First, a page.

Yasmine Yehia: YES, we all need a work life balance definitely – you need time for yourself, to recharge, reflect and develop. I’d tell them, make the time for yourself a priority – do not miss it, this time is actually good for your work too because you will always have the right energy to continue. If there is a learning lesson from 2020, it is the importance of our mental health. Have a routine and this routine must include time for yourself!

HR Revolution Middle East Magazine: As a Career Coach, how do you think Covid-19 impacted the employment market?

Yasmine Yehia: Well, from what I see from my clients – so many people are thinking to shift careers post covid-19. Some of them must because they lost their jobs and some of them realized the importance of mental health, so they decided to leave a very stressful career. I think moving forward companies will have to learn to be flexible in their hiring process and start accepting candidates having the right skills for a job rather than a big number of years of experience! It is hiring for talents not years! People also need to be more resilient and smart in using their skills.

HR Revolution Middle East Magazine: Finally, as a Trainer – why do you think personal branding is very important? We know you teach the topic.

Yasmine Yehia: In a world that has gone totally virtual – people need to learn how to build a strong personal brand online, it is how you will smartly use your skills and get paid for it! You no longer have the big chance to meet your recruiters face to face, following the new ways of working, we are heading towards working from home and flexible hours more, your personal brand is the only thing that will differentiate you in the market and open doors for you.

HR Revolution Middle East Magazine: Thank you for your time, would you like to say anything?

Yasmine Yehia: Thank you for having me – I hope I continue inspiring those interested in the employer branding career!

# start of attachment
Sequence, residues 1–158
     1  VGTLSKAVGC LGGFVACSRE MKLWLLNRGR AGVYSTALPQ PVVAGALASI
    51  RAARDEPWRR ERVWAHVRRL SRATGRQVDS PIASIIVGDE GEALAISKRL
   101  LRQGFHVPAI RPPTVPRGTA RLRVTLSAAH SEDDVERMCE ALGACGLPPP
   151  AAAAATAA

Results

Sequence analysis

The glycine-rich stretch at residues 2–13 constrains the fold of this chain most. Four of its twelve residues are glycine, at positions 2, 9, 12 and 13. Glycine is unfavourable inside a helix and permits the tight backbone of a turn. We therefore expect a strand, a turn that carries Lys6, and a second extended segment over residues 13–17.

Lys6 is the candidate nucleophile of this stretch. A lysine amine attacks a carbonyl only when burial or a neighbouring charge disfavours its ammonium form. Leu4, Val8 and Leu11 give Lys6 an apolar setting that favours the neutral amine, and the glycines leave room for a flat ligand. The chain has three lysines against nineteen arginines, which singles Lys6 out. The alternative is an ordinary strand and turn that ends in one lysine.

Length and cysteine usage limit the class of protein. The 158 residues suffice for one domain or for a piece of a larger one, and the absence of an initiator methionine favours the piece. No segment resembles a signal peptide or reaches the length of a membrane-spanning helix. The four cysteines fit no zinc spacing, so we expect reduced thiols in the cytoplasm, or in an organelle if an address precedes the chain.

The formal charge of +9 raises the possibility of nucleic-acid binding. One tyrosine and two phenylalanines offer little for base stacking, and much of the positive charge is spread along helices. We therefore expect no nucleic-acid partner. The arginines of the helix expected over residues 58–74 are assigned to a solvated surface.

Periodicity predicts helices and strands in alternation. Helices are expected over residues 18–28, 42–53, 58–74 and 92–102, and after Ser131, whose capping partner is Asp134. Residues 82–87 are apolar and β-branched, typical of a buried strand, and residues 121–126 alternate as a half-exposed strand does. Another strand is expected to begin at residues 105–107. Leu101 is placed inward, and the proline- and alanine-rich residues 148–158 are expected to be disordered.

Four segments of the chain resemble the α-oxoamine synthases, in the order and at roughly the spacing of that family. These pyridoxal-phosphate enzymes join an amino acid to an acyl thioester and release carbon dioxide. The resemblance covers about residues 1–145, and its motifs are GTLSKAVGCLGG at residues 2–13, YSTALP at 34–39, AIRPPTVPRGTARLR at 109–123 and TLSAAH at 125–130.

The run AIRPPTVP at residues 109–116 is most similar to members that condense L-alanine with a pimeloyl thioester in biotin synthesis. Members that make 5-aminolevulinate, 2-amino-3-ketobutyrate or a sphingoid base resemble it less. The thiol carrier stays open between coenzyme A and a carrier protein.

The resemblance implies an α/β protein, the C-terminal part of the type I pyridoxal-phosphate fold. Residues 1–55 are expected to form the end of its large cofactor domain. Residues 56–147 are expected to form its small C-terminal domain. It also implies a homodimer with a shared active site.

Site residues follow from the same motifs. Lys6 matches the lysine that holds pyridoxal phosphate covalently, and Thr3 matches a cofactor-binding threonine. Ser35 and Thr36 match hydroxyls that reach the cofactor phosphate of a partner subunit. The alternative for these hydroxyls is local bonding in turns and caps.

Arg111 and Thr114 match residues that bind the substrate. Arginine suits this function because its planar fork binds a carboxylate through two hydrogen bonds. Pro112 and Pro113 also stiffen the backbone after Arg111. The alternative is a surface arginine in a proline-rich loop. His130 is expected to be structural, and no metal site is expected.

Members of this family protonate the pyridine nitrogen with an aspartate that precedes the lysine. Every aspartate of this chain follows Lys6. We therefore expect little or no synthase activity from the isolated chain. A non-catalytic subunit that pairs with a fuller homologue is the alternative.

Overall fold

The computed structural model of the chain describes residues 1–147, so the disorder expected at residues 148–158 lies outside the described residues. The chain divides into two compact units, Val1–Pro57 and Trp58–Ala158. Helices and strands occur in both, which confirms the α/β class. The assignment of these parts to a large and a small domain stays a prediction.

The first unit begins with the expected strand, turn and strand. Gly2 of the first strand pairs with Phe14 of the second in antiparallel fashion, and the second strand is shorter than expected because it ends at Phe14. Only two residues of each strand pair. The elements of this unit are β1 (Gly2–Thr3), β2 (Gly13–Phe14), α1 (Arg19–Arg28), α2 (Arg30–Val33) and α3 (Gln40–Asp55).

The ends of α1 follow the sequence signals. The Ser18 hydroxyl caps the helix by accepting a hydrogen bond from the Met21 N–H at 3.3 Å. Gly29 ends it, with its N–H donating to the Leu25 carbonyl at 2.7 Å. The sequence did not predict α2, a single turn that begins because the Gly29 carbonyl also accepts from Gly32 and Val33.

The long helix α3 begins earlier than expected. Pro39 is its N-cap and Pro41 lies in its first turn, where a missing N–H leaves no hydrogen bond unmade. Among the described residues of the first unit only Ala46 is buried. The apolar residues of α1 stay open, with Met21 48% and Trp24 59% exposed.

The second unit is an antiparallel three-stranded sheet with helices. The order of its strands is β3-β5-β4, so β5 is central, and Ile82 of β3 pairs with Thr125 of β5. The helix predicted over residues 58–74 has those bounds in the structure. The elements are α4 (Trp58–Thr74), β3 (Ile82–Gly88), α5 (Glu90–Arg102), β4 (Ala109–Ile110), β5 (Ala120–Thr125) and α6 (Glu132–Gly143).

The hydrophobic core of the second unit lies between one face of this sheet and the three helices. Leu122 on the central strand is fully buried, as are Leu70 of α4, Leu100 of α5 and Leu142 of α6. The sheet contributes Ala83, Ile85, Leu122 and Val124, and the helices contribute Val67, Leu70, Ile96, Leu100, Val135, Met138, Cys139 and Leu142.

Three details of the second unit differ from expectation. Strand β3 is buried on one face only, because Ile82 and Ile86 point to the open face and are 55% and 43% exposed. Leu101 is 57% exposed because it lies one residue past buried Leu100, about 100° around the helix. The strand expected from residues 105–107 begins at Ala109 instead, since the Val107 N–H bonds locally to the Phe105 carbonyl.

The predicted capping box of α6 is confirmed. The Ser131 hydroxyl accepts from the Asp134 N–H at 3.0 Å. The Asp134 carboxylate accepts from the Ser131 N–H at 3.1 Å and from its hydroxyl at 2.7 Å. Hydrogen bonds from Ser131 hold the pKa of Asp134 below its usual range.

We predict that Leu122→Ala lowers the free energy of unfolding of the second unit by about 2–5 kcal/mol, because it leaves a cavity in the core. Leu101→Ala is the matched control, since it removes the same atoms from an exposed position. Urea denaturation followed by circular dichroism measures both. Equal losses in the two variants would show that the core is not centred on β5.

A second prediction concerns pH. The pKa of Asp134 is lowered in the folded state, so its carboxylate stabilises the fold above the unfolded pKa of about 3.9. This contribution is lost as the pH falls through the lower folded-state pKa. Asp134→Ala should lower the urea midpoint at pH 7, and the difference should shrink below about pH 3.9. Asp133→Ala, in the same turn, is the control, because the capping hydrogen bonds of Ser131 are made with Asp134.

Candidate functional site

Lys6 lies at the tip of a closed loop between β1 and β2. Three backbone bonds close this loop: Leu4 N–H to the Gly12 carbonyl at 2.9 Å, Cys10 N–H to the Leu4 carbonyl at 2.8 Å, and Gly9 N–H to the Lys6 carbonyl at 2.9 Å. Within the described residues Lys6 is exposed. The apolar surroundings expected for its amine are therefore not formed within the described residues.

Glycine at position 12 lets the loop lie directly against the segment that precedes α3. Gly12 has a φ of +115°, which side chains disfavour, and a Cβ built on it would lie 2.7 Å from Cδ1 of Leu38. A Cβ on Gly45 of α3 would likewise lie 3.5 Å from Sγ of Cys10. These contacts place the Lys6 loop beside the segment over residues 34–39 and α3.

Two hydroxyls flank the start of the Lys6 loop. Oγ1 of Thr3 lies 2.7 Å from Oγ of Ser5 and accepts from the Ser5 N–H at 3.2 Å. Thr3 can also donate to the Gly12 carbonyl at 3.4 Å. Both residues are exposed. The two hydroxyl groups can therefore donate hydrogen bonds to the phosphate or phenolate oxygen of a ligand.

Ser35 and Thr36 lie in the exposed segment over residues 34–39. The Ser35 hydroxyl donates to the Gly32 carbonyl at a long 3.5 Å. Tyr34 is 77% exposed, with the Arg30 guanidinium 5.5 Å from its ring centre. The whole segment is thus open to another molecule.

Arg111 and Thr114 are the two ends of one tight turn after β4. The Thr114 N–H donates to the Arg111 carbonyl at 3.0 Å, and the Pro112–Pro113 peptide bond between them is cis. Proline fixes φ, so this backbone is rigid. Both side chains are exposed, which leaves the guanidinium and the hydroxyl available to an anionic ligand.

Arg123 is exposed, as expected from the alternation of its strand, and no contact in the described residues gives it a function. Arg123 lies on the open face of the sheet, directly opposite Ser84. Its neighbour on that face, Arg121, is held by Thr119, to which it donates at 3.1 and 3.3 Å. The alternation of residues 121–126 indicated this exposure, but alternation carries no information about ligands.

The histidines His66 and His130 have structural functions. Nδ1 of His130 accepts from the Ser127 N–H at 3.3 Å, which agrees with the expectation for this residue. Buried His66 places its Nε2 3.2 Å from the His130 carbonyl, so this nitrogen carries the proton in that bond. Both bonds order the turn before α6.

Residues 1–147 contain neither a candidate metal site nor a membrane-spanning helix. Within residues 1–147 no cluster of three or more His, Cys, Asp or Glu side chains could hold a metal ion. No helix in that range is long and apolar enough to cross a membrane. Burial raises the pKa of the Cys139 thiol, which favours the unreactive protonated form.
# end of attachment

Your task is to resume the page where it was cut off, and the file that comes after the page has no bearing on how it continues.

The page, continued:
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Civil Work

Q&A with Sherihan Elkamash; Researcher at the Center of Strategic Studies, Bibliotheca Alexandrina & Charity Activist



Mahmoud Mansi

“I am always trying to not lead members, but inspire them and gain their trust by encouraging my team to work on new projects. I help them make their work plan, and I provide them with some guidance and coaching to finally have a successful deliverable to help impact more people in the community.”

Sherihan Elkamash

HR Revolution Middle East Magazine: Sherihan you are multi-talented and active in building the community in several different ways, one of your main roles is working at the Center of Strategic Studies at the Bibliotheca Alexandrina, can you tell us more about your role?

My main work is about making strategic researches. I also, write articles about the recent international political events. One of the main roles for me is to organize virtual discussions to discuss different economic and political subjects. I am always in contact with high profile degenerates in the political arena to make interviews with them to be published. I am also the social media specialist for the center, responsible for managing the official page by managing and posting the news, declare about the new events and conferences for the center.

HR Revolution Middle East Magazine: Across your career you have worked in different careers and gained different experiences. Can you tell us what did you learn from these experiences? And how those skills are helping you at your current role?

I have been working in many fields since a young age I have acquired professional experience in many fields for the past fourteen years; working in NGOs, media, research, translation and communications. These experiences taught me to navigate in different kinds of structures (public/private/international), as well as dealing with the internal dynamics of each organization. In my previous roles, I have demonstrated exceptional ability to manage external stakeholders including senior government officials, high-profile clients, and well-regarded organizations. As a trilingual officer, I can communicate effectively in Arabic, English and French.